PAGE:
While natural haircare brands tend to pride themselves on inclusivity of hair textures, the needs of 4C textures are often excluded from that narrative. But not anymore. 4C Only, the only 4C specific haircare brand on the market has just launched, and their mission exceeds so much more than just curl health.

“We’re really shifting that narrative surrounding 4C hair, Alicia Ferguson, 4C ONLY chief marketing officer tells ESSENCE. “Everyone has a story that’s been told to them and 4C hair has its own unique story too. Many have heard it’s too dry, it’s too nappy or it’s too kinky. We’re just giving 4C women the opportunity to reclaim it and make it their own.”

To ensure that the product, formulated by a Black, female chemist, was efficacious, they partnered with Daryce Tolliver, a prominent New York City hairstylist and expert in natural hair. “As someone who touches so many textures, it’s refreshing that these products actually do what they say they’re going to do. 4C Only has such hydrating formulas, but also cleans the hair very well and that’s a hard thing to find. I’ve been in the industry for about seven years and shampoos are probably the biggest question mark for a lot of the girls. A lot of people say that shampoos are drying so the fact that this shampoo was designed in a thicker consistency is such a game-changer. I can appreciate that the product is really formulated in a way that’s highly concentrated incorporating lot of organic oils that actually coat the hair making it stronger.” The packaging is also worth mentioning. Recognizing that naturals use product in larger amounts, all containers have an open top, allowing for easy scooping and dispensing.

Too Easy Collection, $80. | Photo courtesy of 4C Only

And while the product itself is important, the impact that 4C Only is having past the science of hair is proving even more powerful. “Even in the pandemic, I see about 30 women a week, and the majority of my clientele is of a higher texture,” Tolliver says. “My clients will tell me, ‘I know you’re working with this brand and we love it, and the product is great, but I’m happy to see myself on this packaging. I think that what it’s creating is a different narrative and you don’t even realize how powerful that is.”

Ferguson says that way the goal. “We’re just scratching the surface with the products,” she emphasizes. “More importantly, we’re instilling confidence in women and the generation after us. We have a lot of trauma that’s attached with our hair. We’re working so that young girls won’t have that. I’m so excited for kids to grow up with a brand like this.”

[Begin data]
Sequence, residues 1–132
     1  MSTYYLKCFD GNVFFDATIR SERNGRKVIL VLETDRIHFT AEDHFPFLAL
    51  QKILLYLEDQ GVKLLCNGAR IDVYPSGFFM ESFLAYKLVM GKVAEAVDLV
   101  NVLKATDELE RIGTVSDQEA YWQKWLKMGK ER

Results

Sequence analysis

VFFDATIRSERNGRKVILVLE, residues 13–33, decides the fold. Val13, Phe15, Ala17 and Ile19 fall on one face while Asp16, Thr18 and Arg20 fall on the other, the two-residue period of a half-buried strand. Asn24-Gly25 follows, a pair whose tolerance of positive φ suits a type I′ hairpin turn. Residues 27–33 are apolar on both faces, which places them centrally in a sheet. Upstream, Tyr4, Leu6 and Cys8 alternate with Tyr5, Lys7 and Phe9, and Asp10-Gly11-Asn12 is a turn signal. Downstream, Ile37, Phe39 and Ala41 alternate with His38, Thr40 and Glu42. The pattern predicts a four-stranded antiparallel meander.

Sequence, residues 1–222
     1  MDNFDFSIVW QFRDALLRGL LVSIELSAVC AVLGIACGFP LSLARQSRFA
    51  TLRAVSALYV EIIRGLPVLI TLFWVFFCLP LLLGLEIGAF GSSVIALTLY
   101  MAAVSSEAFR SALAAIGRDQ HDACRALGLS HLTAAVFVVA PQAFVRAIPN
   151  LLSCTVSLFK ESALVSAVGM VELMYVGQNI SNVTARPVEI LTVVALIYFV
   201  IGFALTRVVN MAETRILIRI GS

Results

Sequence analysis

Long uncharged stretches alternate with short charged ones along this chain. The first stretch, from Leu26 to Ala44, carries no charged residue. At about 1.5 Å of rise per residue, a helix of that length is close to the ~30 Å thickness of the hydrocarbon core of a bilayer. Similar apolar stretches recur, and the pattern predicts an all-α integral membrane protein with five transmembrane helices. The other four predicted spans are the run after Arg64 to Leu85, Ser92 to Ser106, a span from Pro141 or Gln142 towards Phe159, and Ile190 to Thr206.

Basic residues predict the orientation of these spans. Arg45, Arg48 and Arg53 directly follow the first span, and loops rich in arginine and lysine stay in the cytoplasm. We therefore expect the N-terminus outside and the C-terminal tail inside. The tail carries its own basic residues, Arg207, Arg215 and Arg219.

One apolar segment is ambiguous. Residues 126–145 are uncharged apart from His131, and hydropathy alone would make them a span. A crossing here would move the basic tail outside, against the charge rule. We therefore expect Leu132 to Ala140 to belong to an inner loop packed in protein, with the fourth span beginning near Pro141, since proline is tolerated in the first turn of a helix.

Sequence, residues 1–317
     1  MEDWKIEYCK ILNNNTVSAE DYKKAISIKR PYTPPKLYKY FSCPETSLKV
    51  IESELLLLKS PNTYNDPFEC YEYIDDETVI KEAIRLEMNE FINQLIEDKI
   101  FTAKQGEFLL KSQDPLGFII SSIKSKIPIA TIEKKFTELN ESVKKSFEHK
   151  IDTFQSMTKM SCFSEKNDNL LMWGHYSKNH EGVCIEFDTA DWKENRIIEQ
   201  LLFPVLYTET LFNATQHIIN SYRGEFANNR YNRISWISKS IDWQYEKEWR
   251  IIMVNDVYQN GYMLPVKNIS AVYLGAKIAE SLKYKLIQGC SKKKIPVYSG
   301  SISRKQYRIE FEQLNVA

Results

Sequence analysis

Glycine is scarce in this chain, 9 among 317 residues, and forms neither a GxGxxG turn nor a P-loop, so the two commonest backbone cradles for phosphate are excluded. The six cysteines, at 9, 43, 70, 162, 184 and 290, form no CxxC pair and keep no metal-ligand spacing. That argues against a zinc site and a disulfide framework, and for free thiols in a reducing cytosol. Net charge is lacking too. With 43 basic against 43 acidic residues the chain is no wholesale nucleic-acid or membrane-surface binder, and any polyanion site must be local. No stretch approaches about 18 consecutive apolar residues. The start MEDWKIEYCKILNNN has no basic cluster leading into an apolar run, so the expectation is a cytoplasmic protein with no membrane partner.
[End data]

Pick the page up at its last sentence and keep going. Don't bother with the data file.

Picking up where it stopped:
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Ferguson recognizes, however, that many small Black businesses have not be allotted the same opportunities for exposure. “It’s definitely harder for black businesses to secure capital, especially venture capital,” she says. “So we’re fortunate that we’re a privately owned company right now so we had funding to be able to come to market with this. We’ve also been in the beauty industry for a few years already with other products that we have, so it was great that we were able to take those learnings that we had from the other businesses that we ran and be able to put it into this.”

Photo courtesy of 4C Only

4C Only is also creating spaces for 4C women to share their stories amongst each other, holding public, virtual townhalls for whoever is in need of a safe space. “I listen to women talk for hours and you really don’t realize how much trauma is held there in their hair experiences, especially with Black women,” Tolliver says.

She continues: “Hair is the one accessory you don’t take off, but it how it grows out your head is how it grows out, you can’t change it. So it’s this kind of conflict of identity. Sometimes what I’m finding with women where is they don’t necessarily love their texture but I want to. It feels like this conflict of ‘Do I not love myself, if I’m not ready to love my hair?’ It’s not only physically tied, but also emotionally and psychologically tied. So I think the more we talk about it, it’s the same way that you go to therapy and you talk about anything else, there’s healing in sharing these experiences. Because quite frankly, what I will say in my experiences with over the thousands of Black women that I have touched between the ages of 25 and 65, we all have the same story.”

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